London - Barking, whining or growling are all ways for dogs to get their message across.
Now scientists say they have "strong evidence" that man’s best friend also uses gestures to communicate with us.
One of the first systematic attempts to decode canine language has been conducted by the University of Salford. Researchers signed up 37 dogs, whose owners filmed their everyday movements for the team to analyse.
Rolling over, lifting paws and jumping were among the 19 gestures examined. Asking to be scratched, for a door to be opened, a toy to be fetched and for meals to be served were some of the requests the scientists believe they were making. Unsurprisingly, dogs have many ways of indicating they want food -including jumping, turning their head, lifting a paw, rubbing their nose and licking.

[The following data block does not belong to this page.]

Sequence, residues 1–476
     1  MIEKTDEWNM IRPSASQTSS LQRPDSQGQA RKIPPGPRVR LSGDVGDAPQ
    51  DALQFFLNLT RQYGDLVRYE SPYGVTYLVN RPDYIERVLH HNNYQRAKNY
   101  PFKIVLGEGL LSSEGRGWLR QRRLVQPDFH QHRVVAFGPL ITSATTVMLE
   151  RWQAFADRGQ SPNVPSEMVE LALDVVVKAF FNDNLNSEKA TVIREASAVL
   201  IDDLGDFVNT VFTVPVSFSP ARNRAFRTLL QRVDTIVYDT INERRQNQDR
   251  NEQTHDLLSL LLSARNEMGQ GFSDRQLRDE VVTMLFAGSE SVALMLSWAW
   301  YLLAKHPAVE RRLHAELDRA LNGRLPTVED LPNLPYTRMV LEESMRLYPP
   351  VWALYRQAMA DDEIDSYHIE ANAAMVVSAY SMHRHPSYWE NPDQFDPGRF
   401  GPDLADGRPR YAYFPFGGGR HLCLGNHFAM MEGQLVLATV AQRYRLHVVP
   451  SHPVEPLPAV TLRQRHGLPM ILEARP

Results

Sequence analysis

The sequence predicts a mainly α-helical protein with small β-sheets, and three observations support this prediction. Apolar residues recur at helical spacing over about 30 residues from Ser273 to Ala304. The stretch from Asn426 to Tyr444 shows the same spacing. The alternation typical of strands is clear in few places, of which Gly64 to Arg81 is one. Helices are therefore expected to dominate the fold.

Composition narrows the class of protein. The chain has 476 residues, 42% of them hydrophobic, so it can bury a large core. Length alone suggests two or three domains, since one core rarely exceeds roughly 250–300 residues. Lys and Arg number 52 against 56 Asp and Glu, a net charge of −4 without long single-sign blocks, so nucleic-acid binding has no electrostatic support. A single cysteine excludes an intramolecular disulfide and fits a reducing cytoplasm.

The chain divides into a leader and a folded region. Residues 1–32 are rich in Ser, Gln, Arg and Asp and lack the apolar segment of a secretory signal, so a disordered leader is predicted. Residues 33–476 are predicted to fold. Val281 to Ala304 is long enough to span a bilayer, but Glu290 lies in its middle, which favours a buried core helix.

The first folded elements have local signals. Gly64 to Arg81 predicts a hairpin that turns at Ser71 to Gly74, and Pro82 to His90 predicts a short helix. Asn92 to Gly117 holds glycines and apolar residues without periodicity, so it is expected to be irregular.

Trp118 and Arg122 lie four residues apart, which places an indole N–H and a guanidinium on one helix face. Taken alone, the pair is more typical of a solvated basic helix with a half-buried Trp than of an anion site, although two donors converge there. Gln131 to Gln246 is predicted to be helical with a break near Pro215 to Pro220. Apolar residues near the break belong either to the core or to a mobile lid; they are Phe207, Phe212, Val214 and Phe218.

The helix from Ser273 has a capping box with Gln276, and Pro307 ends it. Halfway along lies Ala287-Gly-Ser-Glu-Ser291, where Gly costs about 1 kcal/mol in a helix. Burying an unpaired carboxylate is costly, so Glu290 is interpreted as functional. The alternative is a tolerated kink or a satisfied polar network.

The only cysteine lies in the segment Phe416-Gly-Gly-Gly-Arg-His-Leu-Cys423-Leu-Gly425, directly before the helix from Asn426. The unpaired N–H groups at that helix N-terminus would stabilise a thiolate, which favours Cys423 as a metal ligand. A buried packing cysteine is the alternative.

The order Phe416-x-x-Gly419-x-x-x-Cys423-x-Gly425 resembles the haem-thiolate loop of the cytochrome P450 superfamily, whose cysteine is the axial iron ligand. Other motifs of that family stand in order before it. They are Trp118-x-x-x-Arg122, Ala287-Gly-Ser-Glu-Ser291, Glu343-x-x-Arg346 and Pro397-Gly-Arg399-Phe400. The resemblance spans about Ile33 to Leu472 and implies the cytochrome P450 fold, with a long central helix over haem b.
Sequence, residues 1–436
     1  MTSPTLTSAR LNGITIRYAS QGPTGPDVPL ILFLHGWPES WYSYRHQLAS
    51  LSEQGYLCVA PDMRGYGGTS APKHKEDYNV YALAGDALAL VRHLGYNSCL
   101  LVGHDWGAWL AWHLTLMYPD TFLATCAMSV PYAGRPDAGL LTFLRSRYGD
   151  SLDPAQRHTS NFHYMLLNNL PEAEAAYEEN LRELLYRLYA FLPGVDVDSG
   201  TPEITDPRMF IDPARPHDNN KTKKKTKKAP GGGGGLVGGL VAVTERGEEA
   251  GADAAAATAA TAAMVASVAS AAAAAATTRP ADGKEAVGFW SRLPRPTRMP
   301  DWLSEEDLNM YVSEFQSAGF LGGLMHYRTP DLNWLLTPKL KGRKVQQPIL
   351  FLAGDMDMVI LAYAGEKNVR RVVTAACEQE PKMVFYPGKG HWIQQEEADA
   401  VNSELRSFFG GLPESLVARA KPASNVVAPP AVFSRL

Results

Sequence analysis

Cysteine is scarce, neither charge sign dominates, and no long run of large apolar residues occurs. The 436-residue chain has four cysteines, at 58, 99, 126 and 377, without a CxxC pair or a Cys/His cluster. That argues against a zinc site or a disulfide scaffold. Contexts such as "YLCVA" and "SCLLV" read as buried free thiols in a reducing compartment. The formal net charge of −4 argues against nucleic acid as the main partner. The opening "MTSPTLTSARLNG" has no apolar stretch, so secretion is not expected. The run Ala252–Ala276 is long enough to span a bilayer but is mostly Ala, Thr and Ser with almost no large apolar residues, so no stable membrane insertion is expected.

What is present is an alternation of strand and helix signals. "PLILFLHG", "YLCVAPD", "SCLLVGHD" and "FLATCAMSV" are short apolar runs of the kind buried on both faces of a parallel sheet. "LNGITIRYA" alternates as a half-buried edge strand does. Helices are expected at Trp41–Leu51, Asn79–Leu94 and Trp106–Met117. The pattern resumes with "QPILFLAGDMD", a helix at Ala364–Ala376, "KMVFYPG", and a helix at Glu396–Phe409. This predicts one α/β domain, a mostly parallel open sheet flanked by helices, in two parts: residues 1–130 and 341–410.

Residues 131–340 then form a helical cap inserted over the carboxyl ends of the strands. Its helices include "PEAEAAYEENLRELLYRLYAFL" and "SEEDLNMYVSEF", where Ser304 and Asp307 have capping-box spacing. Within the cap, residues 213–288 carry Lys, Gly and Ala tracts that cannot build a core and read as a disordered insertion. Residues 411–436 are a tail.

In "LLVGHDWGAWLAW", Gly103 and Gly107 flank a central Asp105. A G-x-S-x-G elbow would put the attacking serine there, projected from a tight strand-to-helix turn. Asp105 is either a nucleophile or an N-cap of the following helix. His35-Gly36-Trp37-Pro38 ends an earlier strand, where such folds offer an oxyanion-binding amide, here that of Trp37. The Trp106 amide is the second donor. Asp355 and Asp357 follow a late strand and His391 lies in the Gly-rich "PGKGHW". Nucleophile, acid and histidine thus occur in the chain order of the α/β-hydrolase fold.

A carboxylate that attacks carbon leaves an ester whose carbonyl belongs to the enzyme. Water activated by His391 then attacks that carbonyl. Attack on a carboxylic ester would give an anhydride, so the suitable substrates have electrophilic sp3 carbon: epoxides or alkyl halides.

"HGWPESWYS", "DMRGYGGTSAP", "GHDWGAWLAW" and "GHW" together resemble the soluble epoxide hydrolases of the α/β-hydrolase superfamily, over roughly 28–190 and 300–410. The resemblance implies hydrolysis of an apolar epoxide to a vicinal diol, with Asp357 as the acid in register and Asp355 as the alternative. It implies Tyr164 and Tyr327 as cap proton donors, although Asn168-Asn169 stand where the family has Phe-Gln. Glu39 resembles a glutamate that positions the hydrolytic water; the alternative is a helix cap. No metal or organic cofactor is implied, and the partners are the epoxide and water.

The study, published in the journal Animal Cognition, also said different dogs use different signals for the same request. For example, a dog might roll on their back or nose their owner’s leg when asking for their tummy to be scratched.
The most-used gesture was the ‘head turn’ when the dog looks from a human to an object – usually their food bowl – to show they are interested in it.
The researchers said: "Our study exposes impressive gesturing abilities in a non-primate mammal."
WHAT THESE GESTURES ACTUALLY MEAN
Roll over – ‘Tickle my tummy’
Head under – ‘Get me my toy’
Head forward – ‘Scratch me’
Hind leg stand – ‘Play with me’
Head turn – ‘Get me that’
Shuffle – ‘Scratch me’
Back leg up – ‘Scratch me’
Paw hover – ‘Get me my toy’
Crawl under – ‘Get me my toy’
Flick toy – ‘I’m hungry’
Jump – ‘I’m hungry’
Paw reach – ‘Give me that’
Nose – ‘Scratch me’
Lick – ‘Scratch me’
Front paws on – ‘Open it’
Paw rest – ‘Get me my toy’
Head rub – ‘Get me my toy’
Chomp – ‘Play with me’
Paw tap – ‘Get me my toy!’